Avoid Start Order Dependencies
From OSGi Community Wiki
A "start order dependency" is any requirement to start a bundle (or bundles) before some other bundle(s).
For example, in naïve Services usage, a bundle B may attempt to invoke a service from the
start method of its Bundle-Activator, where that service is published by bundle A. The developer of B therefore states "bundle A must be started before bundle B", to ensure the service is available when B starts. This kind of requirement very quickly leads to a fragile and unmaintainable system. It is also common for cycles to appear, i.e. A must start before B and B must start before A (though usually the cycle involves a chain of many bundles rather than just two). As soon as such a cycle appears the system cannot be started, and an alternative approach must be found.
Ideally in OSGi we should be able to start bundles in any order. To achieve this, bundles must be designed correctly. In the above example, bundle B should not assume the service is available immediately; if it is unavailable then B should enter a waiting state until the service becomes available.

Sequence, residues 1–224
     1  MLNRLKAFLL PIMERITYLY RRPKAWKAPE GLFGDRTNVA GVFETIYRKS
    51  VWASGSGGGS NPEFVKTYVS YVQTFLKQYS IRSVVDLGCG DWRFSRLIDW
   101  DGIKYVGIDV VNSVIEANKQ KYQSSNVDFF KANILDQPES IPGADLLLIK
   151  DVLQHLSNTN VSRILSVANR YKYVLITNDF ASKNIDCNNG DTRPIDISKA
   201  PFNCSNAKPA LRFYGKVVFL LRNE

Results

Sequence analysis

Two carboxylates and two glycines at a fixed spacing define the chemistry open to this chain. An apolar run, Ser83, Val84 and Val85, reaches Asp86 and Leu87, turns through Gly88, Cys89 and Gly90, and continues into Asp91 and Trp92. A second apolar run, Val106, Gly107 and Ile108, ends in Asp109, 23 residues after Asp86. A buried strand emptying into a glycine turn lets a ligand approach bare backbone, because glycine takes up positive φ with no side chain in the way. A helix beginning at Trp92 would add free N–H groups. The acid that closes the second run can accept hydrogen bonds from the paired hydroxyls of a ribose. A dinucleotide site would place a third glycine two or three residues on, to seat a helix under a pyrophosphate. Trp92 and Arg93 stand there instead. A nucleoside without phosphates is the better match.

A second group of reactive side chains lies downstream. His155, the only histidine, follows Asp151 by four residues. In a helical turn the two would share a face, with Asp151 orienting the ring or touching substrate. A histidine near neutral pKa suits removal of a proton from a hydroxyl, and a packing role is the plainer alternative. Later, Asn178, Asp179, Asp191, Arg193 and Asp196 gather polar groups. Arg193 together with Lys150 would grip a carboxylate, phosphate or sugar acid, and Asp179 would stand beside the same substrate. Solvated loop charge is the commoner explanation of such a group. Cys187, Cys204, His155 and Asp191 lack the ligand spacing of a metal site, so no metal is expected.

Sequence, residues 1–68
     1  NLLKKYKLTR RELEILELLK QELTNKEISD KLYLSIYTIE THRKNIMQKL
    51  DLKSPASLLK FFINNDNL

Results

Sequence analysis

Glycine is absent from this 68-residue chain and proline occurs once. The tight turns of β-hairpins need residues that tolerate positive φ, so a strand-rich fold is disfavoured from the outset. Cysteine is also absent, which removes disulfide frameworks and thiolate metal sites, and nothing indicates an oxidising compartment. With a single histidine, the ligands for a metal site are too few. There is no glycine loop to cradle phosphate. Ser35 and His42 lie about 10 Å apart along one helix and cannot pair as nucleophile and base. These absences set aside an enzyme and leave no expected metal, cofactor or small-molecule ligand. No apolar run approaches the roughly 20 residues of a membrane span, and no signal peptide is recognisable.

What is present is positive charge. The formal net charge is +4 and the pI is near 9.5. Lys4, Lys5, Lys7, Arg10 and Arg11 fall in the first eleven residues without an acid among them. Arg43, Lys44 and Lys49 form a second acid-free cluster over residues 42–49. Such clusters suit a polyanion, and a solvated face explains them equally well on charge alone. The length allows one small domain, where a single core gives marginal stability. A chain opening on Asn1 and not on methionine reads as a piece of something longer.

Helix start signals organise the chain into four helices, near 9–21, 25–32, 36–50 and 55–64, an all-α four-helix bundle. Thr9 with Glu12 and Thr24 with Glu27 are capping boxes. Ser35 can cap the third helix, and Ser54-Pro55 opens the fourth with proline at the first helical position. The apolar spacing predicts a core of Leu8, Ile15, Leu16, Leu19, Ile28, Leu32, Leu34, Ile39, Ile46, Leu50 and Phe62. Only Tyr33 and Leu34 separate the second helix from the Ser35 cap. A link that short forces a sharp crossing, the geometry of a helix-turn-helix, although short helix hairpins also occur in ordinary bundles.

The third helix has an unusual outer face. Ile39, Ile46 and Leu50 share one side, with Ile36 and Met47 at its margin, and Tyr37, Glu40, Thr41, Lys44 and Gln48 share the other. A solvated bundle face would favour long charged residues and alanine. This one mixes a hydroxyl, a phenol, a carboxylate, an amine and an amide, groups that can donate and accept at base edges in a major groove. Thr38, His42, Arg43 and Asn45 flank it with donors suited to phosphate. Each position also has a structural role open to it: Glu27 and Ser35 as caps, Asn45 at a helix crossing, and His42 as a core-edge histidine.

Developing bundles in such a manner is challenging when using the lowest level OSGi APIs. However, using a Service Tracker or any of the higher level Component Models make it easy to develop bundles in the proper way.
When Start Order Cannot be Avoided
While avoiding start order dependencies is strongly advised as a best practice, it is not always possible to achieve, perhaps because of legacy code. In these cases, the Start Level API can be used to control the start ordering.
Service Hooks are used to intercept and filter service lookups, for example to implement service proxies. Unfortunately, a bundle using a service hook may not get a chance to filter out a service if it starts after other bundles.
In this situation the hook provider should stop and restart any bundle that already obtained the service instance it wishes to filter out; by doing this we avoid introducing a start order dependency. However the solution is not optimal in terms of performance, so start levels can be used to ensure the hook provider starts first. Used in this way, start levels can be seen as an optimisation rather than something we rely on in order for our system to work correctly.